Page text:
NFIB Victories in Michigan
Elimination of the Michigan Business Tax - $1.67 Billion Tax Cut
After more than 36 years of double taxation and punitive tax policy on small business, NFIB/Michigan was successful in leading the way to repeal the confiscatory Michigan Business Tax (MBT) and replace it with a flat rate Corporate Income Tax. As a result, businesses that are not "C" type corporations will continue to pay their business tax through the state income tax and will no longer have any tax liability under the old MBT. This will end the "double taxation" that discourages many small businesses from expanding and growing jobs and represents a net tax cut of $1.67 billion.
Michigan Becomes a Right to Work State
Years of effort by NFIB in supporting Right to Work finally paid off as landmark legislation was pushed through in the last weeks of the 2012 Lame Duck session that makes Michigan the 24th Right to Work state. The final vote came after a day of demonstrations and violence by labor unions and activists opposed to the legislation. This will be the most important economic reform in decades and it will make Michigan immediately more competitive regionally, nationally and internationally.
Personal Property Tax Reform
In the wee hours of the morning on the last day of the 2012 Lame Duck session, legislation implementing NFIB supported reforms to the Personal Property Tax were passed. The legislation will phase out the industrial portion of the tax over six years beginning in 2016 with all industrial personal property purchased after 2011 becoming completely exempt in fiscal year 2015-16. Starting in 2014, small business owners with commercial personal property less than $80,000 True Cash Value will be exempt from paying any personal property tax. The proposal will go before the state's voters in August of 2014 for final approval.Michigan is the 23rd State to Pass an Article V Balanced Budget Resolution
The National Federation of Independent Business was successful in backing action by Michigan to pass a resolution that will force Congress to call a convention to propose amendments to the Constitution of the United States to require a balanced federal budget. The resolutions are part of a nationwide effort to use the Article V process outlined in the U.S. Constitution to move Congress toward adopting a Balanced Budget Amendment. The process requires 34 state legislatures to adopt similar resolutions that would call for a convention to propose a balanced budget amendment. In March of 2014, Michigan became the twenty third state to pass a call for a convention of states to require a federal balanced budget. NFIB was the only business group that supported this effort.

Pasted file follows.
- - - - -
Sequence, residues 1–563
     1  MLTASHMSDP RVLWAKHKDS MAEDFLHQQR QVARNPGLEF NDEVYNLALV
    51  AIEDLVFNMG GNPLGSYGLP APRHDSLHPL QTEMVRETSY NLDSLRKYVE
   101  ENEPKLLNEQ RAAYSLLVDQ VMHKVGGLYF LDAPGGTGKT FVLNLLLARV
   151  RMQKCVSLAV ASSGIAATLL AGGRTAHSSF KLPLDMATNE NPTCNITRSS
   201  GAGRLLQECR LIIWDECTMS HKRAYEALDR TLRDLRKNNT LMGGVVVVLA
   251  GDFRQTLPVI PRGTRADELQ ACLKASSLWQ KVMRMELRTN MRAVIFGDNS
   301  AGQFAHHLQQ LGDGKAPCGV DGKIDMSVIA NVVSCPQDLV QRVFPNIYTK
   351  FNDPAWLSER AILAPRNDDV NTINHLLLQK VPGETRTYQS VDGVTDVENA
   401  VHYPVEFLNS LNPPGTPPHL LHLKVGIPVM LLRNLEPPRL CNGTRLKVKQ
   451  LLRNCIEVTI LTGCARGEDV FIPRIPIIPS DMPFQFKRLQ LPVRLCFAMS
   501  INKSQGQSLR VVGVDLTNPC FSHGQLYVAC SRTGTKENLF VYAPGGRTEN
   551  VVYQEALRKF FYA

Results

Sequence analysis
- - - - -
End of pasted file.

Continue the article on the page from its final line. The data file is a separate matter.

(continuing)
Defeating Big Labor's Ballot Proposals
In a desperate bid to return to the glory days of union dominance, big labor pushed three ballot proposals in 2012 that would have turned the clock back on labor policy reforms hard fought by NFIB. When the dust settled they barely eked out a win on one out of three and that victory will be short lived as NFIB pushes for legislation to undo the damage.
Forced Union Scams Ended
NFIB action has resulted in an end to two labor union dues money skimming operations concocted by the previous Granholm administration and organized labor. The home based daycare scam was ended in 2011 by Governor Snyder and a similar scam involving home health care workers will end in February of 2013 following the failure of the union’s ballot proposal to legitimize the scheme. If not defeated, this practice of forcing small businesses and the self employed to join a union because they accept state payments for services would force others to join unions such as stores that accept Bridge Cards, doctors that accept Medicaid and anyone that bids on and wins a state contract.
MIOSHA Ergonomics Rules Killed
For almost ten years, NFIB took the lead on slowing down the rule making process to keep MIOSHA (Michigan Occupational Safety and Health Administration) at bay on a proposed “Michigan only” ergonomics rule that would heap new paperwork and training requirements on small business. In January of 2011 those efforts were rewarded when Governor Rick Snyder announced that the effort to draft the rule was dead and he signed legislation halting the process. Had NFIB not led this fight, small employers in Michigan would have had yet another bureaucratic requirement to contend with.
Worthless MIOSHA Commissions Terminated